A good meeting place is at the Laima clock on the edge of the old city
Art Nouveau buildings are concentrated around Elizabetes iela
The highest point for a panorama of Riga is the Television Tower
The top sights in Riga are mostly located in the Old Town, east of the river.
Old Riga is a compact maze of cobbled streets, brick churches and crumbling 17th century merchants' houses, all with a fairyland charm about them.
Despite bombing in World War II, and some crass post-war modernisation, Riga has retained the atmosphere of a busy medieval city.
The main Kalku St is a good place to start any walking tour. Duck down any alleyway and you will find something of interest.
Centuries old buildings are dotted throughout Old Riga and it's like stepping back in time to walk along the narrow cobbled streets. Riga is World Heritage Listed, with well preserved 17th century buildings and soaring church spires.
Most of the streets are traffic free and small shops lie hidden down the warren of side-streets. The best sights are in the maze of crooked alleyways and getting lost is a good way to enjoy yourself.
In summer, cafe tables are strung out across Dome Square, which is dominated by the enormous red-brick Dome Cathedral, the biggest in the Baltics, dating from 1211. It is a wonder, both for its sheer bulk and intricate zigzag brickwork.
The interior is much more austere. The medieval interior was destroyed by Protestants in the Reformation. The main point of interest is the florid pulpit, plastered with saints and angels and some very impressive stained glass windows.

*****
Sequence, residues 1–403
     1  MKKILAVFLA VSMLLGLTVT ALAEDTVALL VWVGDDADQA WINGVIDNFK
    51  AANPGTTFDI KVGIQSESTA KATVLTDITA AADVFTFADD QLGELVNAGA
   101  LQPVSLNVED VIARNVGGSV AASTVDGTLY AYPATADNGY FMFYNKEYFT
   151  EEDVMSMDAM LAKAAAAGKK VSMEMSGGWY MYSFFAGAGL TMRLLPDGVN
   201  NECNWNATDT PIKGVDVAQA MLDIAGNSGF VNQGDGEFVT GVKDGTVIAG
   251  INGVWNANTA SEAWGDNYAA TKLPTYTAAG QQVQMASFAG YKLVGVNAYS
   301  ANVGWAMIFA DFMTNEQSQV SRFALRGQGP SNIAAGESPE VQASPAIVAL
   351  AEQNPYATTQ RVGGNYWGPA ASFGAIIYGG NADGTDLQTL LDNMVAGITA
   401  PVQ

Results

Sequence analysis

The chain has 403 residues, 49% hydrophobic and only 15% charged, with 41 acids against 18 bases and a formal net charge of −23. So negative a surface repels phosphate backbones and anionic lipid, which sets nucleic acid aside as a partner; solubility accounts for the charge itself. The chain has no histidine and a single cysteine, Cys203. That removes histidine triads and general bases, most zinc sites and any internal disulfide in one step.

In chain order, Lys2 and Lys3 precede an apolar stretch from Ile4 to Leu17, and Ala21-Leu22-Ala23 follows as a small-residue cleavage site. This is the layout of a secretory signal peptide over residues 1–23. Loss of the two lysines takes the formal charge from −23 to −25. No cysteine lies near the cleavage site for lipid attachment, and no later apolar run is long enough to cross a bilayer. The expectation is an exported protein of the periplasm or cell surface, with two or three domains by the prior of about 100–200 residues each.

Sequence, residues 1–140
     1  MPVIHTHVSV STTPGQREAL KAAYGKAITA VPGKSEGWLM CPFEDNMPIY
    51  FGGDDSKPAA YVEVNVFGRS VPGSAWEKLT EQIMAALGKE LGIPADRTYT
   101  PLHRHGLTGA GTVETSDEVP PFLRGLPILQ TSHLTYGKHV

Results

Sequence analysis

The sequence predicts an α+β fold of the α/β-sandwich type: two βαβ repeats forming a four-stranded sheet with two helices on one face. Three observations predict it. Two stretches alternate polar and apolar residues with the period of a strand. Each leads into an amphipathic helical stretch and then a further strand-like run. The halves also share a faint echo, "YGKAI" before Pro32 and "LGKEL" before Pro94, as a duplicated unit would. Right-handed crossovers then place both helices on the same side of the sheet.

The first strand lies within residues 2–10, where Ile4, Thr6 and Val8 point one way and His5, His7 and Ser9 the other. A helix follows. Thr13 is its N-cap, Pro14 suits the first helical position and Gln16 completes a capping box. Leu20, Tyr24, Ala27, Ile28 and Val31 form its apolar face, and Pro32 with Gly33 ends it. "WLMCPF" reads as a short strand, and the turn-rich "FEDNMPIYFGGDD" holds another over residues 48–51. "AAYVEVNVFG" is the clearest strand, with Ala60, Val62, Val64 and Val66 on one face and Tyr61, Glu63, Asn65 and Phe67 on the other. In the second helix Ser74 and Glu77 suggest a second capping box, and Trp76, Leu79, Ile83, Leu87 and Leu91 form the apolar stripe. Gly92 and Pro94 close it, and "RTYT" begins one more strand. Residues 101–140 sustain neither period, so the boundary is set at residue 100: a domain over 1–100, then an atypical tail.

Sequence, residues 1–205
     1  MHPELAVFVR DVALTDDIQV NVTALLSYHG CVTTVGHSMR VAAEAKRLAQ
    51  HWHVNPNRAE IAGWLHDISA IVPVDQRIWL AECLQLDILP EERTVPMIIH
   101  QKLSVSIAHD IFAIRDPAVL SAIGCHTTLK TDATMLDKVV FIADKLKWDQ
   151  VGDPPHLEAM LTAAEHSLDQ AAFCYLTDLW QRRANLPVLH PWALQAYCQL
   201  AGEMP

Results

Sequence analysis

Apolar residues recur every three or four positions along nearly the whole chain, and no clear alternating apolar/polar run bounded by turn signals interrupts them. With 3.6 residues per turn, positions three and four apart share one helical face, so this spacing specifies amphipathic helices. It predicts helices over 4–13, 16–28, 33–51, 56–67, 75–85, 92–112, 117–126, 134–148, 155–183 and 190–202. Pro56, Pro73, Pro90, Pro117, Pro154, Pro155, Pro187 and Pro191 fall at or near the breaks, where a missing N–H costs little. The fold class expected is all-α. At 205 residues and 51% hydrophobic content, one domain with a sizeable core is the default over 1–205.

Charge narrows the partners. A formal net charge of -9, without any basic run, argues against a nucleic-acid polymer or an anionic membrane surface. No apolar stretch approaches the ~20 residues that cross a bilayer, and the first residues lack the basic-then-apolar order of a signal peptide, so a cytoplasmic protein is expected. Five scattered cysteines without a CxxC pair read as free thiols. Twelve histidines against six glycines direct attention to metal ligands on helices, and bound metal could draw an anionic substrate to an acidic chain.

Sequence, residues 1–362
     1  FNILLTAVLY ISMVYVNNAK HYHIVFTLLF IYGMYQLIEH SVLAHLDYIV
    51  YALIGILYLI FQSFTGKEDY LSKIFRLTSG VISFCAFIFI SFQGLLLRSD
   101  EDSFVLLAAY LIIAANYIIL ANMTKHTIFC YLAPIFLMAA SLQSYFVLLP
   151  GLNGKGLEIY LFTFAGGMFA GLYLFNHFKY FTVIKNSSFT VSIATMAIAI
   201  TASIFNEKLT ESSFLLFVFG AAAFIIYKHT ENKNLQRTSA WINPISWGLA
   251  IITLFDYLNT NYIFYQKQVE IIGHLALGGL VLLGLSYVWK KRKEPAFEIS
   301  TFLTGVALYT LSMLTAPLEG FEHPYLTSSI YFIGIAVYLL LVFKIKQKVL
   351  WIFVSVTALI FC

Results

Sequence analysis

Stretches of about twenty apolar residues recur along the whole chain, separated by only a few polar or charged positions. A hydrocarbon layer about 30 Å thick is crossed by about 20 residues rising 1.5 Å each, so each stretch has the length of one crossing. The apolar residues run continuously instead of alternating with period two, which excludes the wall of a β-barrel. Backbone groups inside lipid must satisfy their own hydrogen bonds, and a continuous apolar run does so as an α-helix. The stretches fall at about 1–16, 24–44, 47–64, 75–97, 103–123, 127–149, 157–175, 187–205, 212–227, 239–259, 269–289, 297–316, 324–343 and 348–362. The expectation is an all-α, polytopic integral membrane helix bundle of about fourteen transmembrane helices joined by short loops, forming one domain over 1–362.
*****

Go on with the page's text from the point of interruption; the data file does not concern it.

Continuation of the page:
The Dome's most famous feature is the massive organ with 6,718 pipes. When built in 1884 it was the largest in the world. The cloister is considered a Romanesque masterpiece and the square outside has a bright, fun-filled atmosphere with cheap cafes, beer tents and late-night bars throughout the summer.
You must not miss the view from the triple tiered spire of St Peter's, Riga's trademark symbol. The church dates from the 1400s but the spire itself has been reconstructed three times, lastly of steel in steel in 1967. It's 124m high and a lift takes you about halfway up.
The interior is not particularly interesting. Rioting protestants destroyed the medieval furnishings in the 1500's but it's an excellent example of Gothic architecture.
It doesn't sound terribly promising but the House of the Blackheads is an astonishing achievement. The original 1344 building was destroyed after World War II but rebuilt in 2000 on the city's 800th anniversary with great attention to exquisite detail.
It's a striking Gothic building with a Dutch Renaissance facade and stands, somewhat ironically, next to the Museum of Occupations in the Town Hall Square. It's now a museum and concert hall. The Blackheads, by the way, were a medieval merchant guild and this was their headquarters.
Riga Bicycle Tours - Escape the old town and discover the real city on one of our unique and fun tours.